Amos or Aman?


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Amos or Aman?

Postby Deerfoot » Fri Feb 22, 2013 5:52 am

Who is the bigger threat to Rudisha?
Aman has beaten Rudisha twice, which Amos has yet to do at all. On the other hand, Amos has run faster than Aman and did it when it mattered most. I also think he has more room for improvement. I'm inclined to believe that Aman is a more immediate threat, but that Amos represents a greater challenge to Rudisha's position.
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Re: Amos or Aman?

Postby Marlow » Fri Feb 22, 2013 5:54 am

Deerfoot wrote:Who is the bigger threat to Rudisha?
Aman has beaten Rudisha twice, which Amos has yet to do at all. On the other hand, Amos has run faster than Aman and did it when it mattered most. I also think he has more room for improvement. I'm inclined to believe that Aman is a more immediate threat, but that Amos represents a greater challenge to Rudisha's position.

I love that the three have each other. It should raise the entire 800's community and bring even faster times for the next several years. We were due for another step forward as in the days of Johnny Gray's running, when 1:42 runners came out of the woodwork.
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Re: Amos or Aman?

Postby John G » Fri Feb 22, 2013 6:13 am

Amos' style is horrible. Even worse than Mark Everett.

Does anyone know who is coaching Amos and what advisers / agents he has around him? He ran 1:41 in perfect conditions with perfect pacemaking. He may never get close again.

My gut feel is that Aman will be the one. He suffered in London by trying to go with Rudisha but had he raced for silver I suspect that's what he would have got. I'd even place a small bet now on him beating Rudisha in Moscow. If Rudisha is a little short of full fitness (and it'll be hard to motivate himslegf back to the same level as last year) and he tries to win gun to tape again, then he will be very vulnerable.
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Re: Amos or Aman?

Postby norunner » Fri Feb 22, 2013 9:36 am

John G wrote:Amos' style is horrible. Even worse than Mark Everett.

Does anyone know who is coaching Amos and what advisers / agents he has around him? He ran 1:41 in perfect conditions with perfect pacemaking. He may never get close again.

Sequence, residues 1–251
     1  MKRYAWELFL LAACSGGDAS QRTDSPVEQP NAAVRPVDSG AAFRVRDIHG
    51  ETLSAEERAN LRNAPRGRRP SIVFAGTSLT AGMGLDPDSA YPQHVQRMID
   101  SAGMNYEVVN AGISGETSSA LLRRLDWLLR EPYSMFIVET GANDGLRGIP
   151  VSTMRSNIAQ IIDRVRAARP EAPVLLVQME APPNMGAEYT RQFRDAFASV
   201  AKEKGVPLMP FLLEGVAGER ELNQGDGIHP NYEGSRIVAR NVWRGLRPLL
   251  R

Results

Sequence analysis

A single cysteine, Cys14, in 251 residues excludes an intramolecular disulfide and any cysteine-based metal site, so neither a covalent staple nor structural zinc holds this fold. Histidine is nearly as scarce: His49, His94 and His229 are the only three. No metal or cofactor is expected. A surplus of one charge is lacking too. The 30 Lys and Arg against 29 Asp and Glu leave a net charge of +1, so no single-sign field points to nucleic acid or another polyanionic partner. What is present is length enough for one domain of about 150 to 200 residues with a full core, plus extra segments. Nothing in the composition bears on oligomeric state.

Rudisha storming away like a madman is not perfect pacemaking. Perfect pacemaking is having an actual pacemaker who hit the marks they tell him to and doesn't run away. And perfect conditions? You gotta be kidding me, an 18 year old kid runs the second best time ever behind Rudisha when it mattered most and you make it sound like it was just coincidence.
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Re: Amos or Aman?

Postby AS » Sun Mar 24, 2013 3:54 pm

Amos improved his 400m PR to 45.66A in Sth Africa over the weekend. That's 0.28 faster than his previous best from last year...

Wonder if that'll impact on his 800m PR this year?
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Re: Amos or Aman?

Postby John G » Tue Mar 26, 2013 10:00 am

norunner wrote:
John G wrote:Amos' style is horrible. Even worse than Mark Everett.

Does anyone know who is coaching Amos and what advisers / agents he has around him? He ran 1:41 in perfect conditions with perfect pacemaking. He may never get close again.
Rudisha storming away like a madman is not perfect pacemaking. Perfect pacemaking is having an actual pacemaker who hit the marks they tell him to and doesn't run away. And perfect conditions? You gotta be kidding me, an 18 year old kid runs the second best time ever behind Rudisha when it mattered most and you make it sound like it was just coincidence.


I didn't say or imply that his performance was a 'coincidence', just that pacemaking and conditions were perfect.

Rudisha did not storm away like a madmen. He ran a first 400 at the same pace, or possibly slower than the rabbits used by Coe, Cruz and Kipketer when they ran their 1:41.7s. He opened up down the back straight at a similar point to the one at which the aforementioend rabbits would have stepped off the track. I forget at which point Amos moved into 2nd but I'm sure he benefitted from a little drafting far longer than Coe, Cruz or Kipketer.

He may be a consistent 1:40.x runner next season but there are plenty of runners who produced the performance of their life at an early age and never quite scale the same heights again. Kaki's pb is nearly 3 years old - he may not go faster. Cruz peaked at 21.. .. .. ..
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